When a software company won't make the source code for a product available, one must put one's faith in something called "security through obscurity". The argument for security through obscurity is simple: if crackers can get to the source code, they can easily find ways to exploit weaknesses in the product.
That sounds logical, but the premise is easily refuted. If you are not convinced by the numerous Windows, Internet Explorer, and Microsoft Outlook exploits, visit Game Copy World (www.gamecopyworld.com) to see how easily people can break the copy protection for games without looking at the source code. The site often publishes work-arounds the same day a game is released.
Ironically, we open-source advocates base our confidence in the security of open source by applying the same defence for security through obscurity. It's true that source code makes it easier to spot a product's weaknesses. We take the next step in the logic: if having the source code makes it easy to spot weaknesses, the best way to find and plug security holes is to make the source code as widely available as possible and solicit the input of those who use it.
But a greater security risk than system cracking concerns me, and it is one that is only made possible through obscurity: intentional back doors.
A few years ago, researchers discovered that Windows 95/98/2000 and Windows NT included two cryptographic keys. When a Windows service pack accidentally failed to cloak the identity of the keys, someone discovered the second key was called _NSAKEY. The implication is that Microsoft is providing the National Security Agency (NSA) with a way to crack into any Windows box for surveillance or data recovery purposes.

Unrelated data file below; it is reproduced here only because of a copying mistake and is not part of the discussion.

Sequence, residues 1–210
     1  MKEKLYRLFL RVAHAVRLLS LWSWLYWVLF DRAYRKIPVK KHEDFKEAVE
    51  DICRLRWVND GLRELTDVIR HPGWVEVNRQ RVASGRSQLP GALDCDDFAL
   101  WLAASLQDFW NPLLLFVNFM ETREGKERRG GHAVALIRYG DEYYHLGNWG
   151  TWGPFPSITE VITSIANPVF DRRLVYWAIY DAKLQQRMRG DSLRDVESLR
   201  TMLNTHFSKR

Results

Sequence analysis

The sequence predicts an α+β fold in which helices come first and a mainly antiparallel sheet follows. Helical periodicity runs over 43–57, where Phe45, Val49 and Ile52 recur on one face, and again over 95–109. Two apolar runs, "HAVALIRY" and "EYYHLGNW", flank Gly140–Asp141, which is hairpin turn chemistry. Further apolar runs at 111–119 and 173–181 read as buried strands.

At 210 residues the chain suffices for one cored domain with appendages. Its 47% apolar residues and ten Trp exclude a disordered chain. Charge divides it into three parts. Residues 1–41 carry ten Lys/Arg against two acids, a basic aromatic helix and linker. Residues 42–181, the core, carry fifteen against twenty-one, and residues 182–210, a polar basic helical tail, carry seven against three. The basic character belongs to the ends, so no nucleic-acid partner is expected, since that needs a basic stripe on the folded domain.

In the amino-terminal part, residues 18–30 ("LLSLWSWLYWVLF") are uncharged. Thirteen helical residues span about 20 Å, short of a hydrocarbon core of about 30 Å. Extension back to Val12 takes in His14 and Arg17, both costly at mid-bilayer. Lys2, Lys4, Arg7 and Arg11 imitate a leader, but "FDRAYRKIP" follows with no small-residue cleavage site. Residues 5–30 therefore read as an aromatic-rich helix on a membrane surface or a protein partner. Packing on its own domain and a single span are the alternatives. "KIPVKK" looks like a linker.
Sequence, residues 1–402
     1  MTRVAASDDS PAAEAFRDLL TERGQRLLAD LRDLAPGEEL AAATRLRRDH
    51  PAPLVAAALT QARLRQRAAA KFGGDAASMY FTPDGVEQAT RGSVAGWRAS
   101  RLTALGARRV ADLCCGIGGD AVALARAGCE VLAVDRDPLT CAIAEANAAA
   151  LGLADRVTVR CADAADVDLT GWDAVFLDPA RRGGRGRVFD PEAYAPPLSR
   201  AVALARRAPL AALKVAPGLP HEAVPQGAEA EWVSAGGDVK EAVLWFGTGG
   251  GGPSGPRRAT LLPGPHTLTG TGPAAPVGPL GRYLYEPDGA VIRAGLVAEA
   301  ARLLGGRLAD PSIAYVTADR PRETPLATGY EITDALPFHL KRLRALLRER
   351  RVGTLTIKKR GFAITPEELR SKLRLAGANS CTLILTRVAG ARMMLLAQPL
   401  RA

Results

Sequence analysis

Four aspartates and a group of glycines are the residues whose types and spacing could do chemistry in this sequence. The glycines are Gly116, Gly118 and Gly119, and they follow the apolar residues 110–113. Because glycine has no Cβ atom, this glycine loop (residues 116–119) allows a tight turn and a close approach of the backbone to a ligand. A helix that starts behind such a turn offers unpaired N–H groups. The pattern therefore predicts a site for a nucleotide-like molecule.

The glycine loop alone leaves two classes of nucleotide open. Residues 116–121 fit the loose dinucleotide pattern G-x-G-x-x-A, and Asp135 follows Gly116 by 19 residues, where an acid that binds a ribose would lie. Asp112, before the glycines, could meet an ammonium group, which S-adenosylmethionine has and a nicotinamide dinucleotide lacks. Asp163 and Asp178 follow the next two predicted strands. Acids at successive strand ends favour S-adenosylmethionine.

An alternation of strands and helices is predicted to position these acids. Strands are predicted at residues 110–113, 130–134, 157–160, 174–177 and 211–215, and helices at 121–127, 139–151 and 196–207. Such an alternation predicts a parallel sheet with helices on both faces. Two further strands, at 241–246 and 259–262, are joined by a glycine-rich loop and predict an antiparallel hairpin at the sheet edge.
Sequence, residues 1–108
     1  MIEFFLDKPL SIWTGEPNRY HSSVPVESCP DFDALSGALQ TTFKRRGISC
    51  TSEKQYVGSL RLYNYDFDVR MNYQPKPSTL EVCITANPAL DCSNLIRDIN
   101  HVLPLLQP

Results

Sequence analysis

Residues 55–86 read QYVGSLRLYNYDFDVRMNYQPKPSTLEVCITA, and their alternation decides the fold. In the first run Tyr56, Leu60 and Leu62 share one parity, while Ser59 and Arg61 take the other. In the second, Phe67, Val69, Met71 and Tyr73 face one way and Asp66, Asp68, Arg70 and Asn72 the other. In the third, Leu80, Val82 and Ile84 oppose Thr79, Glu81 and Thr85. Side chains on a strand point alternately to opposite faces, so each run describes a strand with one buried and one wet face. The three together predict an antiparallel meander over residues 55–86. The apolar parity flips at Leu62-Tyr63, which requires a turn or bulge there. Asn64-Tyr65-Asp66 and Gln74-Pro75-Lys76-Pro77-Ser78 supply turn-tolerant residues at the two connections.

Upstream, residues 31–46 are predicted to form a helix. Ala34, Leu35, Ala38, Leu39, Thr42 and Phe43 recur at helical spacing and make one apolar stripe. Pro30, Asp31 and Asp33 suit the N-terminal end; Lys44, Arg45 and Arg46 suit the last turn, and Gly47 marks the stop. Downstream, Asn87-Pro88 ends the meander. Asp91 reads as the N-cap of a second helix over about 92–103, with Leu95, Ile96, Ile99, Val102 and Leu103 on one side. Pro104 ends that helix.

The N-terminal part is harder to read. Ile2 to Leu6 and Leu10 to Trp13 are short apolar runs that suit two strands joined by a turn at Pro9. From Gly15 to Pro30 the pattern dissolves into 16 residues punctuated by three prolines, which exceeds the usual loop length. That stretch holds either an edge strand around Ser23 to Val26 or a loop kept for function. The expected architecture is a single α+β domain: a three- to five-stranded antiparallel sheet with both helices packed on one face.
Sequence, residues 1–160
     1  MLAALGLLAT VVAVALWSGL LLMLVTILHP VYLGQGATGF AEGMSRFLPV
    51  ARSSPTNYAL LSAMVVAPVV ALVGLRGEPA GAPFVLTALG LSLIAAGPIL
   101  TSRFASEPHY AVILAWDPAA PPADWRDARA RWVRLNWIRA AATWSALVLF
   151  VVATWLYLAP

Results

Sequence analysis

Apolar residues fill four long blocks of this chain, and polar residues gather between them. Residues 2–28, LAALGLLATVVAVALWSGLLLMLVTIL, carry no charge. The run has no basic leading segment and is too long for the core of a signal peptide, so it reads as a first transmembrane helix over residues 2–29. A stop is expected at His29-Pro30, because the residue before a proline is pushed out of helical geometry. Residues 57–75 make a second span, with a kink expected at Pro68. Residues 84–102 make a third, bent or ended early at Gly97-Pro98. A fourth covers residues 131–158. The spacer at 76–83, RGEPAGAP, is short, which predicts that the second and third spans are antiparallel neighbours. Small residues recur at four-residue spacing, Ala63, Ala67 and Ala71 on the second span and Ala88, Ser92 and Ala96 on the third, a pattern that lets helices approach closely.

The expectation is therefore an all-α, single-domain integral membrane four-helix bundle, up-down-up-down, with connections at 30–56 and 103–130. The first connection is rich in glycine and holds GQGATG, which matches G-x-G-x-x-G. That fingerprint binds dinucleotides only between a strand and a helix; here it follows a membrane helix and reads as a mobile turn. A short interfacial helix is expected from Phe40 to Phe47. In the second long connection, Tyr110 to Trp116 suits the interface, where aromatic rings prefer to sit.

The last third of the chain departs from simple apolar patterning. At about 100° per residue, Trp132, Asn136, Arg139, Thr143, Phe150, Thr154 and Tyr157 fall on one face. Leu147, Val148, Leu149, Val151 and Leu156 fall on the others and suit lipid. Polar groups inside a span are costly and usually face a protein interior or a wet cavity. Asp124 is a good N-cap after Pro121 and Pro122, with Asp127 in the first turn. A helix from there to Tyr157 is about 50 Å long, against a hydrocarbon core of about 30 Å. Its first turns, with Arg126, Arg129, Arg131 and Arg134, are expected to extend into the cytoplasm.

Microsoft denies this, saying the NSA label is there only to indicate that the key meets the agency's cryptographic requirements. Unfortunately, how do you know if Microsoft is telling the truth? After all, if the NSA has a back door into every Windows system, then what could one expect Microsoft to say? Such an admission might as well be followed by instructions on how to remove Windows and replace it with just about anything else.
It's bad enough Microsoft and the NSA may have peepholes into our desktops and servers, but what about the crackers who broke into Microsoft recently? Did they modify any Microsoft source code to introduce or expand existing back doors into Windows? Did they steal any of the source code? Who are the crackers? One person operating alone or with the aid of a rival company or nation? With whom are these people going to share this source code, assuming it has been stolen?
Depending on the answers, assuming we might never know them, this recent security breach could lead to some alarming possibilities. Given enough information, unknown people, companies, or even nations could soon have the ability to easily crack into our systems and decrypt the information that is there. If Microsoft knows this, it's not in a position to admit it. To do so would compromise its alleged relationship with the NSA and cause a switch to another operating system practically overnight.
It's time for Microsoft to face reality and open source Windows. Aside from encouraging customers to go into denial, that is the only way Microsoft can restore confidence in the security of Windows. People must be able to examine, modify, recompile and reinstall the code on their own. Then and only then can Windows customers have any assurance that their systems are safe from prying eyes.
Nicholas Petreley is editorial director of LinuxWorld. Reach him at firstname.lastname@example.org